Who We Are: Our Core Values
- We are lifelong learners
- We innovate and improve what’s around us
- We show we care
At Fairplay, we love to learn. We love to explore new things and gain deeper knowledge where we already are. We care about the people around us and about our community. And we always want to improve the situation and make sure with everything we do things are better this week than they were last. We want to see progress.
Our mission is to level the playing field. This means creating a safe environment for the children and families we work with. This means developing holistic, innovative, and sustainable projects in education, sports, and nutrition. And finally, this also means empowering the community by ensuring they are part of the decision-making process and organisation of each project, in order to identify the root cause of the problem and break the cycle of poverty for good.
Our vision: a level playing field that allows children and families a better chance to succeed in life and break the cycle of poverty for good. This is an empowered community that cares for each other and strives to learn and develop.
Theory of Change
At Fairplay, we understand breaking the cycle of poverty needs many areas of support and development to accomplish. It is necessary to break the barriers that currently sustain the cycle of poverty, and therefore create a path out of poverty, but also that a lot of support is needed for people to continue on that path. It is not a sprint, but a marathon.
One area of support or development is typically is not enough to break the cycle. We need to level the entire playing field for our community to have a chance. From others’ research and experience (Pathways to Education), as well as our own, we identify four pillars for breaking the cycle of poverty in a community:
- Financial incentives
- Social support
- Academic support
- Counselling (guidance/mentoring)
Each of our projects works in a particular areas of these to provide a pathway out of poverty. Each of these areas complements and supports each other in creating that path out of poverty.
Our educational scholarships provide the financial incentives to continue studying, while our scholars can also earn an allowance by coaching in our Sports Center, cooking in our Cafe, or tutoring in our Youth Center. Social support is also furthered in our youth groups and sports teams. The Youth Center’s tutorials provide an additional support for the students’ academics, and the EQ Club and sports teams provide the base for better mental health.
With a holistic program, focused on these four pillars, our scholars have a chance.
A Deeper Problem
Creating a pathway out of poverty does not guarantee someone will take that road. To support people once those opportunities have been created, we needed to understand the risk factors involved. Why would one child enthusiastically and quickly take that path while another seemed to self-sabotage?
We found, through research and our experience, that the root cause of many of the stumbling blocks, such as addiction, crime, depression, teen pregnancy, and more, lies a great deal in childhood trauma. The adverse childhood experiences (ACEs) study is one of the best examples of quantifying childhood trauma and understand it’s impacts on physical and mental health. People who had experienced 4 or more of the 10 types of trauma surveyed had 2-3x the rate of heart disease, diabetes, cancers, and other physical health problems. They were 4 times more likely to suffer from depression and 16 times more likely to attempt suicide.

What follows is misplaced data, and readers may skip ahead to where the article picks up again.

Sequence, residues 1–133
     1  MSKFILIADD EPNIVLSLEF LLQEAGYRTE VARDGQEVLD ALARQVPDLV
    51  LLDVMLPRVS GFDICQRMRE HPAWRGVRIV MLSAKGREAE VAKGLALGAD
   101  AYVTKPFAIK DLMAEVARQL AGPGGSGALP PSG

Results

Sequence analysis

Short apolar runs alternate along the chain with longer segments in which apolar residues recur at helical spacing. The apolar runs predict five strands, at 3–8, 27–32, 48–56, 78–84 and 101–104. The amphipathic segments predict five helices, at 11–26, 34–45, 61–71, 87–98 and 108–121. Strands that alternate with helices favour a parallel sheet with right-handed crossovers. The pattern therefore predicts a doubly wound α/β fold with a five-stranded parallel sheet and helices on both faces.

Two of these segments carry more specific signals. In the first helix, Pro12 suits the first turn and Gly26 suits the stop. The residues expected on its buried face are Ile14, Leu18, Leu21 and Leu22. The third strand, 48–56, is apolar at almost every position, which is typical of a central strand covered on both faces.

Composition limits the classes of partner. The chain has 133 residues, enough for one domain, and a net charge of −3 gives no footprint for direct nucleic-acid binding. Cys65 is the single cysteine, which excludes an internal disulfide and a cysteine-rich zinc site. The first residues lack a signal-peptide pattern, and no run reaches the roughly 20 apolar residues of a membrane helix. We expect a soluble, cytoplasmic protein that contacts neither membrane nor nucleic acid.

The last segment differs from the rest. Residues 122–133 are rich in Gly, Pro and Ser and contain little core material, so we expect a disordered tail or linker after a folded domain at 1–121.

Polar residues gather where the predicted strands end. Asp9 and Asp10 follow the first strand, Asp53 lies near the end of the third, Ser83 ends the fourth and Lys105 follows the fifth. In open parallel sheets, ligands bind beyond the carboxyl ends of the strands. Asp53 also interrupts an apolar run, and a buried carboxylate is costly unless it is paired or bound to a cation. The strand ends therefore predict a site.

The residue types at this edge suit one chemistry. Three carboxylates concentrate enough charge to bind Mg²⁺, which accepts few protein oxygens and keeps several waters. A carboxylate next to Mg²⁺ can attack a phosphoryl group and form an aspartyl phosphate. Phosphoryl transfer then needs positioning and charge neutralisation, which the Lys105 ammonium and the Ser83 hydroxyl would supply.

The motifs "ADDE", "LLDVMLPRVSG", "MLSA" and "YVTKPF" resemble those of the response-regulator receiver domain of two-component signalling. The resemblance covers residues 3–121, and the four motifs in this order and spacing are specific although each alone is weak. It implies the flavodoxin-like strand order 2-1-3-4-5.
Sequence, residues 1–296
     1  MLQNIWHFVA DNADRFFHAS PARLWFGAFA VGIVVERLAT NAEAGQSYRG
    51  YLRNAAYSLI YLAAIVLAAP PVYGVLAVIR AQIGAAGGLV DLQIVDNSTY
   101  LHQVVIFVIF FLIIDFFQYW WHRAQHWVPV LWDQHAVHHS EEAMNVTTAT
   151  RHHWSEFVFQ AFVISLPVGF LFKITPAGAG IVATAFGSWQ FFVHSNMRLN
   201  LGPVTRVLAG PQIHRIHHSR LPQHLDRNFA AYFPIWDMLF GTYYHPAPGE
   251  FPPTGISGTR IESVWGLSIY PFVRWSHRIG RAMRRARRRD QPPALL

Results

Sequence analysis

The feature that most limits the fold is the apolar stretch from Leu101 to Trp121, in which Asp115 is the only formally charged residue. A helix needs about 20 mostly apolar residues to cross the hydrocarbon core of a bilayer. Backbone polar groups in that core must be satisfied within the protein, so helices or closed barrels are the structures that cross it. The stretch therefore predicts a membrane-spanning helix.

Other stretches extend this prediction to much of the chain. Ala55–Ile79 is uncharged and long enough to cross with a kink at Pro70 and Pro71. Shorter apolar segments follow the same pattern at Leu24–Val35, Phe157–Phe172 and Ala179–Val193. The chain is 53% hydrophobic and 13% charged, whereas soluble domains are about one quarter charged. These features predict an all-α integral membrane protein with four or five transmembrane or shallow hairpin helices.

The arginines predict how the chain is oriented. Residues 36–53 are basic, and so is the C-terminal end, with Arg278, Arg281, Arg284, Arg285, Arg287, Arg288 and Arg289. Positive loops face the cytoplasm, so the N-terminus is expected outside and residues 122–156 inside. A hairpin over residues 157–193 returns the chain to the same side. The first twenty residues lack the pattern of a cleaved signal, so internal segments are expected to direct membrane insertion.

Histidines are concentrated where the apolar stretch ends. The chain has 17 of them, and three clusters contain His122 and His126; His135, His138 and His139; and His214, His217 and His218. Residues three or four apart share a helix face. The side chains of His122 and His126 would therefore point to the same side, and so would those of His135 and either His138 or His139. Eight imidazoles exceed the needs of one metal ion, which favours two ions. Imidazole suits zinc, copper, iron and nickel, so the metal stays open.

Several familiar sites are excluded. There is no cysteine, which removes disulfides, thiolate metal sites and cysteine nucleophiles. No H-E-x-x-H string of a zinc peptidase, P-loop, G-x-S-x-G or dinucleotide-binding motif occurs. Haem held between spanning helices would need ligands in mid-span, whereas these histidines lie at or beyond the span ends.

Our own research has found that while 1 in 8 people reported an ACE score of 4 more more in the original study (Felitti et al., 1998), 7 in 8 of our kids reported a score of 4 or more. Over half of the 100 kids we surveyed reported an ACE score of 6 or more, categorised as ‘severe childhood trauma’. The impact of this severe childhood trauma reduces life expectancy by almost 20 years (Felitti, 1998).
Research has provided 6 key areas that reverse the impact of childhood trauma (Burke Harris, 2018):
- Good sleep
- Good nutrition
- Good exercise
- Mental health support
- Social support
Each of our projects therefore aims to work in reversing childhood trauma by providing support in these key areas. Furthermore, as others found, the biggest support mechanism for a child is a healthy adult role model, a buffering adult or always available adult (Hughes et al., 2017).
Our sports programs, youth center, and social business therefore each provide the basic necessities for giving a child a chance at reversing their childhood trauma. Our mentors at the Youth Center and Coaches at the Sports Center are also trained in understanding how important their care is for the families we work with. For some of our scholars, they act as the buffering adult, the caring role model and mentor. For others, they are an additional support system.
Over time, the older students start to replace our staff members and become role models and mentors themselves, ensuring a more virtuous cycle to replace the past vicious cycle. Our process and execution is not perfect, but we believe we are learning and improving each year. For more information, contact us using the details on this website.